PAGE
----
Time and experience are relative. Though I was only on the road for a relatively small stretch of time, my life was set on a new course, and thankfully, an unwavering one. Still, all I know of poetry is that it has to be real; it has to spring from an examined life; it has to recognize the beauty and majesty of the most common of images and actions, and it has to be constructed and not cast like wild seed, sometimes laboriously, because that is the life of a poet. For both the poet and the hunter, a bird in the hand is worth two in the bush, but only the poet captures the bird just to set it free. Only the poet smiles as the bird soars from his hand. Only a true poet smiles at anonymity. The words have to be enough.

Out of the hundreds of thousands of words in our language only a few can make it on to the page, and fewer still can rightly be called a poem. This sea of sand is your starting point. Every moment is an opportunity lost or gained. The person who does not recognize this urgency is not a poet.


If you want to be a poet, live like one.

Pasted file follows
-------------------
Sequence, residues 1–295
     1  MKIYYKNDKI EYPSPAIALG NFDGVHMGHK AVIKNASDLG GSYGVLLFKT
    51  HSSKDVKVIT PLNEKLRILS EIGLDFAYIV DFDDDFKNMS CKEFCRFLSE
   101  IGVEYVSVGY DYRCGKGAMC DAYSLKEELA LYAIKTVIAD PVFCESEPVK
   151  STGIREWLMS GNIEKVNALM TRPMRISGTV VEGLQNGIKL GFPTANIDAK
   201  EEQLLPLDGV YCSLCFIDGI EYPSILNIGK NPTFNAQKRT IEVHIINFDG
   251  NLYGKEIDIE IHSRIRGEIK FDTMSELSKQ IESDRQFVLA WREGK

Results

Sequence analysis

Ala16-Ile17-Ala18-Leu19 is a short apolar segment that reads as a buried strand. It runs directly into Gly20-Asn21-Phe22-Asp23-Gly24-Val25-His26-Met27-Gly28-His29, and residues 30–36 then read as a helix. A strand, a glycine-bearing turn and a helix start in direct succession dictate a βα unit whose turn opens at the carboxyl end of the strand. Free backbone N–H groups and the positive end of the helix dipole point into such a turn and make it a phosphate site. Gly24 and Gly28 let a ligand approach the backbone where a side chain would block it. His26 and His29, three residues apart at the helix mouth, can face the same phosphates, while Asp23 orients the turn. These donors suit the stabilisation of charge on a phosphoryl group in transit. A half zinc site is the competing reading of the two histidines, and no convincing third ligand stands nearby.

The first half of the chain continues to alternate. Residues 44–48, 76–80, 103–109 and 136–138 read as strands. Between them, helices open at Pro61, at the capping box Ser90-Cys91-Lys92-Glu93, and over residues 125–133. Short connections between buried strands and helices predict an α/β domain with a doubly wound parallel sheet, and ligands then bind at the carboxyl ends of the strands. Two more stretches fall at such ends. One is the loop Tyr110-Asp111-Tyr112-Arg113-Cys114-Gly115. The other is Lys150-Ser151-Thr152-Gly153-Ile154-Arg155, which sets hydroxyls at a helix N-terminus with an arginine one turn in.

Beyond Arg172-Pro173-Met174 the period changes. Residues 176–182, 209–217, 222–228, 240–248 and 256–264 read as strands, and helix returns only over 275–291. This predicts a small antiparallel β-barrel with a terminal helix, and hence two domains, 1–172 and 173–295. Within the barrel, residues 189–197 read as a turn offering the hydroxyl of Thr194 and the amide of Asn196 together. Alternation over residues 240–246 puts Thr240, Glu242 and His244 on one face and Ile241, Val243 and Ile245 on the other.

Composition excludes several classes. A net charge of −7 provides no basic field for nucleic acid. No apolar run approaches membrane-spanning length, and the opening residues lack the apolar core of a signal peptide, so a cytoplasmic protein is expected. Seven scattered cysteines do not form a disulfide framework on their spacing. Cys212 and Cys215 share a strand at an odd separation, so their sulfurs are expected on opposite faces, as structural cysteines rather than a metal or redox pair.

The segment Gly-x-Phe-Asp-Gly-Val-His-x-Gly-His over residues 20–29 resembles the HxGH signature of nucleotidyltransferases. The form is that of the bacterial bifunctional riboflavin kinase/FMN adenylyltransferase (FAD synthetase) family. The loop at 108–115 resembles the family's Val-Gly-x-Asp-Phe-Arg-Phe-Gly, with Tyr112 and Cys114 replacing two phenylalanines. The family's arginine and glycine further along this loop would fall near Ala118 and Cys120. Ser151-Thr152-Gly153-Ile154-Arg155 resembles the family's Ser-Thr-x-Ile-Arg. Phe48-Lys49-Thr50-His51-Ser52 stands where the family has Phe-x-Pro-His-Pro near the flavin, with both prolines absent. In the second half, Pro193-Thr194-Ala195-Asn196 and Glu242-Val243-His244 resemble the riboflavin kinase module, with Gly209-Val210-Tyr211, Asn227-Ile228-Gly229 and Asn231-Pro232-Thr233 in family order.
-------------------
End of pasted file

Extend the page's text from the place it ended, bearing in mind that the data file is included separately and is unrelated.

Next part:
Where Father's Go

by John Fitzsimmons | Three Rivers Anthology

Moaning like a lost whale
the thin ice
bellowed behind us
then cracked and rang
as if spit from a whip.

The sharp steel of
my over-sized skates
etched unspeakable joy
into the slate-grey,
reptilian skin
of Walden Pond.

Our mismatched hands
gripped together
in the fading light
of a January afternoon,
and you pulled me
onto untouched darker ice
where fathers
should never take sons.

You circled tighter
and, spinning like a bullfighter,
you let me go—
splayed across the ice,
arms outstretched,
screaming back to you
out of the black hole
of memory


by John Fitzsimmons | Three Rivers Anthology

We leave the fog stillness
of a cold harbor town,
and cup our hands
‘round the warm diesel sound—
leave while the children
are calmed in their dreams